The City of Wyoming is committed to protecting our drinking water system from contamination. One of the ways that contamination can get into the water system is through a cross connection. A cross connection can be an actual or potential connection between a drinking water supply and a source of contamination.
How can a cross connection occur?
For example, a drinking water line may enter an industrial facility and be piped to a chemical rinse tank. If a water flow reversal were to occur (due to a water line break outside, a fire next door, or similar), the chemicals in the rinse tank could be sucked into the drinking water system. This type of event is called backsiphonage. If the chemical rinse tank was pressurized at a higher pressure than the drinking water system, the chemicals could be forced into the drinking water system. This type of event is called backpressure.
Or suppose you are filing a pool with a garden hose, and the hose is submerged in the pool. If there were to be a water line break down the street causing a loss in pressure, the contents of the pool could be 'vacuumed' back into the water supply. This is another example of backsiphonage.
How do we prevent this?
Cross connections are prevented through either a physical separation or use of a backflow preventer. Physical separation means that there is a gap of air between the source of contamination and the water supply. In the swimming pool example, simply moving the hose so that it fills the pool from above the water line would prevent a backflow event.
A backflow preventer could be used to ensure that a cross connection does not occur from the chemical rinse tank example. This mechanical device, if properly installed and maintained, is designed to prevent contaminated water from entering the drinking water supply. There are many different types of backflow devices that can have different applications depending on the situation.
What are the requirements for testing backflow devices?
All testable backflow devices must be tested at set frequencies by a state certified tester, notifications will be sent when the device tests are due. A tester must submit device test data to the City of Wyoming through our web portal: Submit Results. No test forms will be accepted through email, mail or fax.
Certified testers will receive login credentials for the web portal once Wyoming has received documentation for tester certification and the annual accuracy certification for the tester's test gauge. For more information, please see our Online Submittal Instructions.
What are some other examples of cross connections?
- Hoses submerged in dirty buckets
- Lawn irrigation systems
- Water softeners
- Fire sprinkler systems
- Water-assisted sump pumps
- Hot tubs
- Toilet fill valves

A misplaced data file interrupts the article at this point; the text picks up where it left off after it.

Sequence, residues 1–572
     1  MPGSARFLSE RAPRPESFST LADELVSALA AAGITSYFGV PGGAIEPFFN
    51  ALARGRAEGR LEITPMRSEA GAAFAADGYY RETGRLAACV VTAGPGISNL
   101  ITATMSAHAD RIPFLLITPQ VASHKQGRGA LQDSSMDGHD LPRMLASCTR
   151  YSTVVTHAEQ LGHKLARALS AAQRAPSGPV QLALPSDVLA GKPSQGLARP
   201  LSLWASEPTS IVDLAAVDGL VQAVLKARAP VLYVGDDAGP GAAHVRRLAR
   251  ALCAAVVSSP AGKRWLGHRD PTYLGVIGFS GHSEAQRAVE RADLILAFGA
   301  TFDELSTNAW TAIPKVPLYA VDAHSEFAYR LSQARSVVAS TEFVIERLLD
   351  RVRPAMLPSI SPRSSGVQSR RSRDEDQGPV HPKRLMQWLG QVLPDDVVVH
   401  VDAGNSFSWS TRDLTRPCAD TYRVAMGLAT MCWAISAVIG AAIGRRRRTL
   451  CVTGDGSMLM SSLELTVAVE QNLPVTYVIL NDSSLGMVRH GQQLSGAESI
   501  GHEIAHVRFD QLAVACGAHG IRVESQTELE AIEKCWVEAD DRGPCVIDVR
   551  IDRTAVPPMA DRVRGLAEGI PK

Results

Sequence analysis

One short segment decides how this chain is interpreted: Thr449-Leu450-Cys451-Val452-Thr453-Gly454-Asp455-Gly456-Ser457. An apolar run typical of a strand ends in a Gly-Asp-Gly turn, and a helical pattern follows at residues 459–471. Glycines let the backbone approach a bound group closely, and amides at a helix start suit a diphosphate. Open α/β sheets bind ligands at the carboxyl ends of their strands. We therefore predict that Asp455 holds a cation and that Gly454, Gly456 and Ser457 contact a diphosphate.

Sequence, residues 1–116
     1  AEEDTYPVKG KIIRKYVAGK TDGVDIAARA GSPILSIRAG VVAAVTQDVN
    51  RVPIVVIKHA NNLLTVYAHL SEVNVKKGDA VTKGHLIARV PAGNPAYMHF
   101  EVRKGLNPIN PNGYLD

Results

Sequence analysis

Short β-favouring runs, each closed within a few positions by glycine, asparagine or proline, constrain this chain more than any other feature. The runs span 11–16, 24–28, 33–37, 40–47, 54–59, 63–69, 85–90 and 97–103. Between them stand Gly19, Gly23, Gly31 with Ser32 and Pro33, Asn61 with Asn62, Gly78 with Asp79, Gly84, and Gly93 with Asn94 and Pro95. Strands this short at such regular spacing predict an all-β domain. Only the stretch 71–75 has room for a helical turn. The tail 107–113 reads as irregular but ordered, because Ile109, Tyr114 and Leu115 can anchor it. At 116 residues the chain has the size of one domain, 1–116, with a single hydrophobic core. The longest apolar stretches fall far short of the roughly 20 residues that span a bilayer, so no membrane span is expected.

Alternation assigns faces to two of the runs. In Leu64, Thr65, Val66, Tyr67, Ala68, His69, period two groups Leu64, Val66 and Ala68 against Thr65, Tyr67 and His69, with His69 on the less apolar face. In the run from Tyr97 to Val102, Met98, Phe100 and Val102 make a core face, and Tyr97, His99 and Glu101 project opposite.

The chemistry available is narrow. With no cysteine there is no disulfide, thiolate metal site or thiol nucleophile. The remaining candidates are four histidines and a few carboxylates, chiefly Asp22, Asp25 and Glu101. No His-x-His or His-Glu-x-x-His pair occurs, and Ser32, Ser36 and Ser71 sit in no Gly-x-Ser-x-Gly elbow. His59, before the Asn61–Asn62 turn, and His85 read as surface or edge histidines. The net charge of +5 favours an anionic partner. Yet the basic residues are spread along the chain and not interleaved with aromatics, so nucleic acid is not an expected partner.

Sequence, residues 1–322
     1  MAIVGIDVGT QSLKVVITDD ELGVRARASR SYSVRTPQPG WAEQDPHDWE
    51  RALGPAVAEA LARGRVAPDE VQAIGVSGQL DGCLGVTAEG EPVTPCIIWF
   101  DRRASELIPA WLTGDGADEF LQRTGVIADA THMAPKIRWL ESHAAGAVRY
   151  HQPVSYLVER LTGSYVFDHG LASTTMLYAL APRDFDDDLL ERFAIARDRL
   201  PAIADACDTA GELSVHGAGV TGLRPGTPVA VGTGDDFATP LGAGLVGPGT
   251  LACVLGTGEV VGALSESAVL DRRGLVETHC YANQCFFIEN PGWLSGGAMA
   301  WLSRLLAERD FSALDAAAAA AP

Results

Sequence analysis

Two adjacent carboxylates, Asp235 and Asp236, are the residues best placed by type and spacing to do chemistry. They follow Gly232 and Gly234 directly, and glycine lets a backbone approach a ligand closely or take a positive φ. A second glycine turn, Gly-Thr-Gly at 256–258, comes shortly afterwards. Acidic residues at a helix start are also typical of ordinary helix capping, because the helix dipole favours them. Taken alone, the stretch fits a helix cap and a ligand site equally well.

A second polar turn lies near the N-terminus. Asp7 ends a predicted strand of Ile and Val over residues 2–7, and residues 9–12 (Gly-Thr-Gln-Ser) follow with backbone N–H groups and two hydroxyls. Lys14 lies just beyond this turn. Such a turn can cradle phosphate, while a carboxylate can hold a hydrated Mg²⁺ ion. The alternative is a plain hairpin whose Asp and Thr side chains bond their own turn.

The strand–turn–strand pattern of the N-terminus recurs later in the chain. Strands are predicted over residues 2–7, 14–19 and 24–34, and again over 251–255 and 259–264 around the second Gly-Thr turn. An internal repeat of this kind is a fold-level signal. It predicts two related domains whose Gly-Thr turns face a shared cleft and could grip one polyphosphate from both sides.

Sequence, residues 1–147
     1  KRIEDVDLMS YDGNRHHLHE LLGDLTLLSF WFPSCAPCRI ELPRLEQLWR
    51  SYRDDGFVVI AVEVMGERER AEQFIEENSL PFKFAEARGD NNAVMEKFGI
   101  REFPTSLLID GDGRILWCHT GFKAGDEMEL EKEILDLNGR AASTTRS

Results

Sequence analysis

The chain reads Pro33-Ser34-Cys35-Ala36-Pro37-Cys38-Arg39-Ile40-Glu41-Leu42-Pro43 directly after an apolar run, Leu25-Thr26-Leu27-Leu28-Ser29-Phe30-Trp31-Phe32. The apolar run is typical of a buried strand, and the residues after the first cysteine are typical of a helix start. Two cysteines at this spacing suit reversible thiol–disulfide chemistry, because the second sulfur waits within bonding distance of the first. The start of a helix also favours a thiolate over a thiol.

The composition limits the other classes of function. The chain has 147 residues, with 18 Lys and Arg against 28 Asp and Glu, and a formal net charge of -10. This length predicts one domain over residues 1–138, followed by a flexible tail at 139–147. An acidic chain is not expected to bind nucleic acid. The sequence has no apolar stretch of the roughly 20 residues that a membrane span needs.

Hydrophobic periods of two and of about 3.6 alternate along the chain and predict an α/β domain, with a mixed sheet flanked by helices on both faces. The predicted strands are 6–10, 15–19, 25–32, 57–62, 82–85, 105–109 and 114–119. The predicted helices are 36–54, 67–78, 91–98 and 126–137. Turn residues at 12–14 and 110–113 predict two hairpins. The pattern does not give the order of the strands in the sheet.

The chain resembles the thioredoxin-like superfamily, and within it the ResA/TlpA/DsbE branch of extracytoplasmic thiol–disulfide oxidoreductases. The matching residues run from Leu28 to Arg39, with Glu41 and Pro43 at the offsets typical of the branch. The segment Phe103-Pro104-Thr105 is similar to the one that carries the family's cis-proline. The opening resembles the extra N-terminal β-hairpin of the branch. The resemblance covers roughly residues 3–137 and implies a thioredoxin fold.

Industrial or Commercial
- Lawn irrigation systems
- Fire sprinkler systems
- Cooling towers
- Soap dispensers
- Hose connections
- Food processing equipment
- Chemical feed equipment
- Laboratory equipment
- Mop/slop sinks
How is the regulated?
The Michigan Department of Environmental Quality (MDEQ) requires water utilities to have a cross connection control program. This is defined in Part 14 of the Michigan Safe Drinking Water Act. Additionally, the MDEQ has published a Cross Connection Rules Manual which more fully explains Cross Connection Control Programs. The Michigan Plumbing Code also has requirements regarding preventing cross connections
How does Wyoming's Cross Connection Program work?
Wyoming has had a MDEQ approved cross connection program since 1972. This program is responsible for identifying and eliminating cross connections within the City. To accomplish this, staff inspect facilities, require testing of backflow preventer, and educate the community through mailings and/or public outreach events.
Environmental Services Inspectors conduct the site surveys of all commercial and industrial facilities. These surveys involve looking at all water lines, uses, and backflow devices. Inspectors use a cloud-based software called Formlink Palladium® to track inspections and backflow devices.
All testable backflow devices must be tested annually by a State Certified Tester as required by the Michigan Plumbing Code
Who are the Certified Testers?
In order to be certified as a tester and perform work in Wyoming, one must be certified by the Michigan Plumbing and Mechanical Contractors Association and approved by the City. A list registered testers can be found here.
As a homeowner, what is my responsibility?
The most common type of homeowner cross connections are underground sprinkler systems or unprotected hoses. A hose bib vacuum breaker (HBVB) is a type of backflow preventer that is a cheap and easy way to prevent backflow of water through a hose. Special frost-free HBVBs are available for exterior applications.
New: You may see us in your neighborhood during the summer months; we are identifying backflow devices at all residential homes in Wyoming. All lawn irrigation systems are required by law to have a backflow prevention device installed. Recent changes to the MI Safe Drinking Water Act Rules now require that all Underground Sprinkling backflow devices installed at your home be tested every five years to verify that they are working properly.
These tests must be completed by a State Certified Tester and all test results must be submitted through our web portal. A list of registered testing contractors can be found here. In 2017 we will begin sending out residential device testing notifications; you will receive a notification when it is time to have your device tested. You are responsible to schedule this test with a contractor and cover the cost for the test and repairs that may be necessary. Please call the CCC department at 616-261-3559 with any questions.
Where can I find other information?
Please contact the Environmental Services Department at 616-261-3559 or by email.